Question about 1999 Chevrolet Lumina
Thank you very much--I appreciate your input, and have added the Dex-Cool.
As a point of interest, I subsequently ran across an article that seems to suggest a different view:
"7. Mixing a “green” coolant with DEX-COOL reduces the batch’s change interval to 2 years or 30,000 miles, but will otherwise cause no damage to the engine. In order to change back to DEX-COOL however, the cooling system must first be thoroughly drained and flushed."
The article was summarizing a report given at the MACS 2001 Convention and Trade Show in Orlando by GM’s Jay Dankovich and Equilon Enterprises’ (Texaco) Stede Granger who had directed a 2-year study of thousands of DEX-COOL cooled vehicles.
They seem to say that the only negative result of mixing a non-Dex-Cool with the Dex-Cool is that the "change interval" is reduced from 150,000 miles to 30,000 miles--otherwise no damage results.
Any additional/other thoughts on this?
The major reason for using dex-cool is that antifreeze is often neglected as a service item. If neglected, it becomes acidic over time which is particularly important with the use of aluminium in most major components which are served by antifreeze. Acid causes etching and premature failure of gaskets and permanent damage to blocks, heads and especially the radiator and heater core, which are not vert thick to begin with.
Since "normal" antifreeze acidifies faster than does dex-cool, mixing both together causes a change in breakdown rate...the more "normal" coolant added, the faster it breaks down.
Both coolants do not react chemically with each other and therefore retain the same ability to prevent boil over and freezing.
In reality, normal coolant can be used with little or no effect on components, provided that you change it every year. (that's where the EPA gets involved) They do not want people dumping this stuff into the ground, so they push for extended service intervals. Since dex cool has a longer service life, that's what they want you to use.
As far as how you chasnge the coolant, it is always a good idea to flush system during a change, regardless of antifreeze type. This removes solid particles which can plug radiator core. Radiators are much smaller than their older counterparts. Loss of even a small portion of cooling area can cause overheating. Engine running temps are also higher than older vehicles (heat=power output). Therefore most systems have a much smaller margin of error than before. What I find though is that regular flushing can also be bad for the system as the chems eat away at metal components in order to clean. I recommend regualr or dex cool antifreeze systems be flushed with water only, once a year, but retaining what you removed and filtering it through a coffee filter, using it during the year to "top off" the system. To retain effectiveness of coolant, use a hydrometer to check concentration, adding new coolant to bring reading to proper protection level.Then, every three years, do a complete chem flush and change entire batch. This keeps your system clean and the epa happy!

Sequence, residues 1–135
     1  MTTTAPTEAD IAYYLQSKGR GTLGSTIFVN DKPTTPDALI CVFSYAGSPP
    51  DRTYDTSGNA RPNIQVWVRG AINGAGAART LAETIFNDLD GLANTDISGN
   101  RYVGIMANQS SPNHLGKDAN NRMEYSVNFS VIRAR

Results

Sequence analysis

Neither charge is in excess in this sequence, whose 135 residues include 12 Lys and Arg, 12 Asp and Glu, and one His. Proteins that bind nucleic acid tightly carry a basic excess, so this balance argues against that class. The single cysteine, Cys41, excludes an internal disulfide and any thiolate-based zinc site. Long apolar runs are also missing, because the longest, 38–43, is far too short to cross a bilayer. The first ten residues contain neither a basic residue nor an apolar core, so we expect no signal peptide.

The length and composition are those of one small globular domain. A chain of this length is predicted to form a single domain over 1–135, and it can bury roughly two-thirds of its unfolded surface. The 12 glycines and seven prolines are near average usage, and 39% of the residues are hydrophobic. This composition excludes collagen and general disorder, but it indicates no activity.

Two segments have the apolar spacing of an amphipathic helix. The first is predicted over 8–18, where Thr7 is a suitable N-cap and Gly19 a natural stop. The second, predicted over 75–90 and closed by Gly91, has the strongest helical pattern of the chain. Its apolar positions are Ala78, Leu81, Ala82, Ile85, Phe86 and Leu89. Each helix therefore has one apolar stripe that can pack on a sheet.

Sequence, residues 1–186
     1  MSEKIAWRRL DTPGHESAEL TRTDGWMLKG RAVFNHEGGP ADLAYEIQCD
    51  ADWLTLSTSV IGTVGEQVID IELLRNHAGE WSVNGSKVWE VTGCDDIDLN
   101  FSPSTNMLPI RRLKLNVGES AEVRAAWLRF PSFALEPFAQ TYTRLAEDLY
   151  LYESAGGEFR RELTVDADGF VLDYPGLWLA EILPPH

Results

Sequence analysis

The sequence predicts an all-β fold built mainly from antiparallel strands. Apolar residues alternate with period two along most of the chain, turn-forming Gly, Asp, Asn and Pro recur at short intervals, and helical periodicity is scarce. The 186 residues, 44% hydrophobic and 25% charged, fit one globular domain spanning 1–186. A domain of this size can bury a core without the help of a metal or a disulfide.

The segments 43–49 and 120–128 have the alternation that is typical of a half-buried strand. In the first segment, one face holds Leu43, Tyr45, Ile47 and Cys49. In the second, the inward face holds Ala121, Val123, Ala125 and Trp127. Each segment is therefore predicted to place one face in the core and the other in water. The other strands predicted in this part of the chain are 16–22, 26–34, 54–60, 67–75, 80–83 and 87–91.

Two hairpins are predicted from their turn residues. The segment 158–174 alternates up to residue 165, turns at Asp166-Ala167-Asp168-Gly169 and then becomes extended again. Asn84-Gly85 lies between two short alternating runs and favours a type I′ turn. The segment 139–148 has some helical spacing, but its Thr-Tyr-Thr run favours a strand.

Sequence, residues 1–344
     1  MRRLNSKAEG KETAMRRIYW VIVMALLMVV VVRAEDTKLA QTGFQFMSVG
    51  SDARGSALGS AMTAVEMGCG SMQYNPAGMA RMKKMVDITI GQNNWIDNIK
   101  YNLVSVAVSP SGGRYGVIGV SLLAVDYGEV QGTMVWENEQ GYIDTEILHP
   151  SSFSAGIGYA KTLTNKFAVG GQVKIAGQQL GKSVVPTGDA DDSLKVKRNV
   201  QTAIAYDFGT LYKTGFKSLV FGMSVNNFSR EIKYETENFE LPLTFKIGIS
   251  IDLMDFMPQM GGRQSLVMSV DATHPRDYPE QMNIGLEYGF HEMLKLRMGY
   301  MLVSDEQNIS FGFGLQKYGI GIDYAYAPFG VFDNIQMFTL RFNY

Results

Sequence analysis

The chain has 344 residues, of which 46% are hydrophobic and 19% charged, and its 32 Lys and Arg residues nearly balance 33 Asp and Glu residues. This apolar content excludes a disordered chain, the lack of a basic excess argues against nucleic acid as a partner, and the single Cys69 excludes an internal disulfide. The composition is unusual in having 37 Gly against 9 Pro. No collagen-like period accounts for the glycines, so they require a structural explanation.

Posted on Mar 12, 2009
a 6ya expert can help you resolve that issue over the phone in a minute or two.
best thing about this new service is that you are never placed on hold and get to talk to real repairmen in the US.
the service is completely free and covers almost anything you can think of (from cars to computers, handyman, and even drones).
click here to download the app (for users in the US for now) and get all the help you need.
Posted on Jan 02, 2017
Tips for a great answer:
Dec 31, 2015 | Pontiac Cars & Trucks
Aug 04, 2015 | Chevrolet Chevy Cars & Trucks
May 10, 2014 | Cars & Trucks
Aug 22, 2012 | 2003 Chevrolet Impala
Oct 27, 2011 | 1999 Chevrolet Lumina
Dec 28, 2010 | 1999 Oldsmobile Intrigue
Nov 17, 2010 | 1999 Chevrolet Lumina
Oct 03, 2010 | 1996 Chevrolet Lumina Mini
Dec 17, 2008 | 1999 Chevrolet Lumina
338 people viewed this question
Usually answered in minutes!